“The state’s historical assets are world class destinations for visitors from around the world and should be promoted as such,” the bill declares. “Having the management, interpretation and promotion of the state’s historical assets spread among several agencies and departments has often been detrimental to the full utilization of these assets for the people of the state.”
Among other duties, the Commission would “serve a coordinating role in utilizing the capabilities of other state and local organizations” in carrying out its broad responsibilities for promoting state history.
The bill did not pass this year. It will be reintroduced next year, probably with some revisions to respond to suggestions from the history community.
Do we need the proposed State History Commission? Here are some examples of things that would almost certainly have gone better, and that would go better in the future, if we had such a group to lead and coordinate. (A few of these have links to longer discussions in essays in the Albany Times Union that may be of interest):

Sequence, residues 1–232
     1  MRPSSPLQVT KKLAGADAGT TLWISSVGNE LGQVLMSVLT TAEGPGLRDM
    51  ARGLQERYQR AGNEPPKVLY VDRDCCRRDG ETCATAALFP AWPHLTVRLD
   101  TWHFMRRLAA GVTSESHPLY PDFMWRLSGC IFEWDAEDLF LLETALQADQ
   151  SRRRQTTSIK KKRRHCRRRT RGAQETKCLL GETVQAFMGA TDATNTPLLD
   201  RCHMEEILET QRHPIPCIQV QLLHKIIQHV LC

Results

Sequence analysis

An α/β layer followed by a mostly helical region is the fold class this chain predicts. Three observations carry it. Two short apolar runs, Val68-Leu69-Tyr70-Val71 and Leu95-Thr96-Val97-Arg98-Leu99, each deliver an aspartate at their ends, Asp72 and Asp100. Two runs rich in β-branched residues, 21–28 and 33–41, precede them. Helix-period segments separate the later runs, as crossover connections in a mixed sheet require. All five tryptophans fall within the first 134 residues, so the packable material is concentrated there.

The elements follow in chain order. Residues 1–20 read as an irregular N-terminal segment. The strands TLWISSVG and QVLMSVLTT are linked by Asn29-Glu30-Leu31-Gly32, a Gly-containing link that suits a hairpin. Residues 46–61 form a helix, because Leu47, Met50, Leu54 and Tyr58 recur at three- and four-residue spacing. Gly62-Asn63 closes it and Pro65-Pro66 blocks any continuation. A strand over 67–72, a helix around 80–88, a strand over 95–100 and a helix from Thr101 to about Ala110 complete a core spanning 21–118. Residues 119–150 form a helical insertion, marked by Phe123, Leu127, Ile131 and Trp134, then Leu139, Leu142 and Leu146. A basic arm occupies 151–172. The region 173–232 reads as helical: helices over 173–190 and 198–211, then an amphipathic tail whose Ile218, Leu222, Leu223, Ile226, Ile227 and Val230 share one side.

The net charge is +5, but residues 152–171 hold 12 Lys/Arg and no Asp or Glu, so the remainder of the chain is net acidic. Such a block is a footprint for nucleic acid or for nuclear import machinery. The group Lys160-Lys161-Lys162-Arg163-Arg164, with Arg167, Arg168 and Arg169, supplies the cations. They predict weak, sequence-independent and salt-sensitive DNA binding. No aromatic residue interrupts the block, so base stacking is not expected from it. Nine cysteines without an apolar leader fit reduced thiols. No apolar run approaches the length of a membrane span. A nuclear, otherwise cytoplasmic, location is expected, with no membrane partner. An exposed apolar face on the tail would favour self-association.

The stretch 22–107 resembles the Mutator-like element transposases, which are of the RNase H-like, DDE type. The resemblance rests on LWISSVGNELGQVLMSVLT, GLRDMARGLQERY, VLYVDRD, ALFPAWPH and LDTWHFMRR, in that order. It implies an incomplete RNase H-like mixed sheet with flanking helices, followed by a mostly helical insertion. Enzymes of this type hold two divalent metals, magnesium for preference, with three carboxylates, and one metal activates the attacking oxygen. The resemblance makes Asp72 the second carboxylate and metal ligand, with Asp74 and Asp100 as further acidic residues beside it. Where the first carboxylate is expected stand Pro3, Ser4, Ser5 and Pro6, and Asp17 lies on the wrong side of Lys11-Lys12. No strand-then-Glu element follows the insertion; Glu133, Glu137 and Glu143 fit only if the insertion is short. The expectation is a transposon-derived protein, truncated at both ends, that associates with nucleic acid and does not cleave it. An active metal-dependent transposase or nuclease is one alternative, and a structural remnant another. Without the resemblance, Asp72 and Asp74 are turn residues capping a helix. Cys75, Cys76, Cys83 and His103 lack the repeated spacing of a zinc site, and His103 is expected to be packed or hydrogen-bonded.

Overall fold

- On May 22, President Obama landed at Griffiss International Airport in Rome for a trip to the International Baseball Hall of Fame in Cooperstown, where he made a speech promoting tourism and job creation. Air Force One touched down just a few miles from the spot where, on July 4, 1817, governor DeWitt Clinton turned the first shovelful of dirt to start the work on the Erie Canal. New York built and operated the canal with its own resources after President James Madison vetoed federal support. Several agencies – “I Love New York,” the State Canal Corporation, and the “Path Through History” – support Erie Canal heritage tourism. The Erie Canal Village, near the spot where Clinton began the canal, is close by. But there was no mention of history of the region or the historic sites within a few miles of the spot where the president landed. Obama spoke at the Hall of Fame, but with better planning might also have included a brief visit to the state’s premier historical organization, the New York State Historical Association, only a mile or so up the road. The Farmer’s Museum at NYSHA, one of the nation’s outstanding living history museums, would have provided a chance to tout New York’s agricultural history. Its crops of grapes and hops and its dairying operation could have been used to plug new initiatives in the state’s “Taste New York” program such as wine and yogurt production. It would also have demonstrated a principle that had been emphasized in the Governor’s “Tourism Summit” in Albany ten days earlier: tourism is most rewarding to travelers, and most economically beneficial to localities and regions, when people visit multiple sites. (More at “Put State’s Past to Work”)